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Beyond gun control: Exploring the underlying issues of school shootings

PARKLAND,MARJORY STONEMAN DOUGLAS

Joe Raedle | Getty Images | AFP

PARKLAND, FL: Nekhi Charlemagne writes a message on a cross setup in a makeshift memorial in front of Marjory Stoneman Douglas High School on February 19, 2018 in Parkland, Florida. Police arrested and charged 19 year old former student Nikolas Cruz for the February 14 shooting that killed 17 people.

John Burger - published on 03/06/18


Bottaro cautions that these characteristics may be present in a lot of people who don’t end up being school shooters. “But there’s an especially important red flag when you see a drastic change in behavior,” he said. “So you might have someone with these personality characteristics who’s always been that way, and that’s very different from somebody who has been fairly normal maintaining decent relationships … and then all of a sudden becomes very reclusive or turns to either gaming for long hours or disappears into a room for hours, starts missing school. The changes in behavior are really important to look out for.”

Among school shooters, there “seems to be a common thread of a real distortion in world view and not having any grounding in a world that makes sense or [seems] safe,” Bottaro said. “It can be a really scary world. We as Catholics see a Father who loves us, who created the world, who holds the world in being and makes it a safe place, and it makes it a place that makes sense. Even if there are bad things that happen, it all fits into the picture. We have a God who conquered death, so even death itself has meaning and has a place to understand it.”

But for someone who doesn’t have that world view, “this world is just in total chaos,” he said. “The external destruction and chaos is terrifying, and the internal destruction and chaos is terrifying. There’s a lot of brokenness in the family, in the home, with divorce, with parents that don’t how to connect with their kids. Social media is separating people further and further away from real relationship.”

The result sometimes is a “sense of internal chaos and disorder, so there’s nothing to ground a person’s experience,” he posited. “And it kind of becomes this existential hell. … And then you mix that with a desensitization to violence thru the media and video games with certain personality characteristics that are lacking empathy and understanding of social norms and how one’s actions affects others, and that’s where you really get a recipe for disaster.”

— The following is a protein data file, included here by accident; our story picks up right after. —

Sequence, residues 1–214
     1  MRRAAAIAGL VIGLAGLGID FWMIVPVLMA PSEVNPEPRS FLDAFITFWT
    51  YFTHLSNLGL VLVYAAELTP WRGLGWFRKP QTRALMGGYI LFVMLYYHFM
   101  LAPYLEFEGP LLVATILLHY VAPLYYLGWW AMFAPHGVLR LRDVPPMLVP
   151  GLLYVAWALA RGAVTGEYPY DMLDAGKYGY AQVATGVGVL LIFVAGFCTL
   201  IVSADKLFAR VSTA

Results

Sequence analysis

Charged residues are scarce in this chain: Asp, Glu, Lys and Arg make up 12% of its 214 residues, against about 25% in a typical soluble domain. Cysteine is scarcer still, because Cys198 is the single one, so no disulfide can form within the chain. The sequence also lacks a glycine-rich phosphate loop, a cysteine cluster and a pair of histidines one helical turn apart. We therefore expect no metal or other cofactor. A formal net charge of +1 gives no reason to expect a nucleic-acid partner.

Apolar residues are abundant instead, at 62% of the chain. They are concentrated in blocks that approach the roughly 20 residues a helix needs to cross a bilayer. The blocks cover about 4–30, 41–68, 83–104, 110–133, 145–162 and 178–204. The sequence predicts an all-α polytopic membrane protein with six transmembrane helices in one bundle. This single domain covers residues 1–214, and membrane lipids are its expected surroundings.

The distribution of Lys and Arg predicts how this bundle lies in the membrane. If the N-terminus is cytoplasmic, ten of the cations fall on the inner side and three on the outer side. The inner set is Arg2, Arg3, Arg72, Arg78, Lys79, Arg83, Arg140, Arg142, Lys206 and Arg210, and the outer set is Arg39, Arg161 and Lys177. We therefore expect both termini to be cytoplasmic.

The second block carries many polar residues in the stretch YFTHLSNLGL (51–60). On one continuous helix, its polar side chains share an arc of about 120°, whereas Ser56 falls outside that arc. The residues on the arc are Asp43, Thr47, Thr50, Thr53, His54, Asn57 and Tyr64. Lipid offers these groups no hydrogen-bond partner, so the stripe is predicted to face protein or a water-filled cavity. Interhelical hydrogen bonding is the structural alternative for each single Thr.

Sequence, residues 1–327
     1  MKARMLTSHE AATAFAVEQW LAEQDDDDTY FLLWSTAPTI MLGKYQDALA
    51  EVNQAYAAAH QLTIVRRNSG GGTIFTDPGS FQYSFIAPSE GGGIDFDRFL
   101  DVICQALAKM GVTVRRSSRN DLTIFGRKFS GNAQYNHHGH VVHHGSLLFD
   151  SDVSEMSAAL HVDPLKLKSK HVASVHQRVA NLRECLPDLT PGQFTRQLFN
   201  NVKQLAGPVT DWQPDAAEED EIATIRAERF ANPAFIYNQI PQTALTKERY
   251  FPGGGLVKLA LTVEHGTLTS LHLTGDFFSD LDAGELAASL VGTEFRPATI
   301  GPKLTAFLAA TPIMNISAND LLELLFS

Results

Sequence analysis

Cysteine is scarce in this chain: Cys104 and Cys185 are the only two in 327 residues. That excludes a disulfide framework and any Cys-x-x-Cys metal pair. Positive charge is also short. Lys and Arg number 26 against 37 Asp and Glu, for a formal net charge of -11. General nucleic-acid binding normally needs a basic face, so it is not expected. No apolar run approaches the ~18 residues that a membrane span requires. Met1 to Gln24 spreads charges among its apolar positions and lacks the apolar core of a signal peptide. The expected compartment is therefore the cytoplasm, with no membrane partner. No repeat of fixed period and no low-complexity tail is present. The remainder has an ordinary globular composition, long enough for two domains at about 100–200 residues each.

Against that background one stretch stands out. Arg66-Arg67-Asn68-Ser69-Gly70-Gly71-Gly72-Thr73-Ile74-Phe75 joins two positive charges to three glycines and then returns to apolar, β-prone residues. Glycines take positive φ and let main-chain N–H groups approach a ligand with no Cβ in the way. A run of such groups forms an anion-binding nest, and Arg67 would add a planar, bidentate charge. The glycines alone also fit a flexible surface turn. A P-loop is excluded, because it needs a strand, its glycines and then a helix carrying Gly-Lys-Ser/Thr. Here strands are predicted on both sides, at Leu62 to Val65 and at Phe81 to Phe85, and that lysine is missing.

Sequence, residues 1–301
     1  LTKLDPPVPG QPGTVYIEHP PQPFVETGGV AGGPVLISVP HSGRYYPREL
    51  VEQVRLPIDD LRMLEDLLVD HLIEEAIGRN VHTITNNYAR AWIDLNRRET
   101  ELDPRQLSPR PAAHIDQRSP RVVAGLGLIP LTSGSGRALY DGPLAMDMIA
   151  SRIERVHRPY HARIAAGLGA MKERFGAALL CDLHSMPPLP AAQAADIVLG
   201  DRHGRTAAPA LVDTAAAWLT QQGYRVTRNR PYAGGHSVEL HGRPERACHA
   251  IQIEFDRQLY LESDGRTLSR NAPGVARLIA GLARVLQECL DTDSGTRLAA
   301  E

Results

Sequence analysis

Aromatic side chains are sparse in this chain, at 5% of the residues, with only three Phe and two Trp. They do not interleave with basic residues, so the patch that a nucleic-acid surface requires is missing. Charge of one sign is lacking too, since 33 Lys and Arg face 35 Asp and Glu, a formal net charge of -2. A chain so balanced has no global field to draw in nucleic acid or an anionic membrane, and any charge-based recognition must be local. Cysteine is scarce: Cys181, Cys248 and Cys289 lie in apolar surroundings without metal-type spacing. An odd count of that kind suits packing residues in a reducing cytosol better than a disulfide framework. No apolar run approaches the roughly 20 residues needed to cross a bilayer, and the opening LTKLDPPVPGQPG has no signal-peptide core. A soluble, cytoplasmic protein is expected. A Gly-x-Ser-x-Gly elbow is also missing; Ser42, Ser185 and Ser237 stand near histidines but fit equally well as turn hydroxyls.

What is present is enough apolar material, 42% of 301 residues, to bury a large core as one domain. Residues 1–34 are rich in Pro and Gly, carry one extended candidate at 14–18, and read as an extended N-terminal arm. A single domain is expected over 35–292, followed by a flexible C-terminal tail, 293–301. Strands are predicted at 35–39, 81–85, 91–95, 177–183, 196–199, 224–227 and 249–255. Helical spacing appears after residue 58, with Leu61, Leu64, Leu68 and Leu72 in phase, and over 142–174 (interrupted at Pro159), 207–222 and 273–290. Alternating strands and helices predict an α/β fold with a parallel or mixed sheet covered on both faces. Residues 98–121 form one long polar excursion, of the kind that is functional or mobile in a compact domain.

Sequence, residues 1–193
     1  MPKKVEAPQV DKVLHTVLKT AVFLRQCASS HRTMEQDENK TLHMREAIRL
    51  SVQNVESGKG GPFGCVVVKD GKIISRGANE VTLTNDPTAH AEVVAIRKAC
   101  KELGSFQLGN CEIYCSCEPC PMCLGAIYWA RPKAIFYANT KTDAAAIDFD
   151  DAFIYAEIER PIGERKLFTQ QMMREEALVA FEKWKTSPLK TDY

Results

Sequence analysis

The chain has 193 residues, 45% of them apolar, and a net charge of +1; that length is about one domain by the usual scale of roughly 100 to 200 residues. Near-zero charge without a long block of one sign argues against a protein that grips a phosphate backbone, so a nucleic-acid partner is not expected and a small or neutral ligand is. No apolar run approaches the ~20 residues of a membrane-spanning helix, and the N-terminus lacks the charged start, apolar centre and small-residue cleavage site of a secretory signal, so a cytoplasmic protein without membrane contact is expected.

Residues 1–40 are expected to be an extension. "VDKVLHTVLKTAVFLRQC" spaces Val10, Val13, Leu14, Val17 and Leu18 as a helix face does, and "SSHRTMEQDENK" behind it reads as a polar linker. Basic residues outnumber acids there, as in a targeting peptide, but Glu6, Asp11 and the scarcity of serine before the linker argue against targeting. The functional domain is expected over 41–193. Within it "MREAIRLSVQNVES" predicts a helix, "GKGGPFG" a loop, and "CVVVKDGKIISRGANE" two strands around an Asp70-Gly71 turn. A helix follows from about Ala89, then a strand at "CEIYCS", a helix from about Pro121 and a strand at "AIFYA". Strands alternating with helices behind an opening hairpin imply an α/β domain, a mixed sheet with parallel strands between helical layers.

Dr. Kathleen Berchelmann, pediatric emergency medicine doctor at Mercy Hospital in St. Louis, Missouri, said families often don’t seek psychiatric care until it becomes a crisis.

“How are so many families getting to this point? Well, I think there’s a general lack of parenting support,” said Berchelmann, who is a mother of six children. “More and more, the role of parenting is outsourced to schools and all kinds of support agencies and after-school programs. Even kids who come from middle class families have breakfast, lunch and dinner at school because they have after-school activities going on. They’re doing that because their parents are working two full-time jobs. Even some stay at home parents feel they can benefit from those programs.”

Berchelmann, assistant professor of pediatrics at the University of Missouri School of Medicine, commented: “Traditionally, parenting support came from community organizations like churches, or your own family, your own parents. You talked to your own parents, you talked to the parents at church, or talked to the parents you’d meet at school. More and more, people don’t have these communities anymore. They’re not going to church; the parents you meet in your kids’ soccer league have their plates full; you’re not really forming relationships with the parents of your children’s friends, as you did in the past. And of course all family structures have broken down. There are less and less multigenerational family structures that are supportive to family.”

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Psychology
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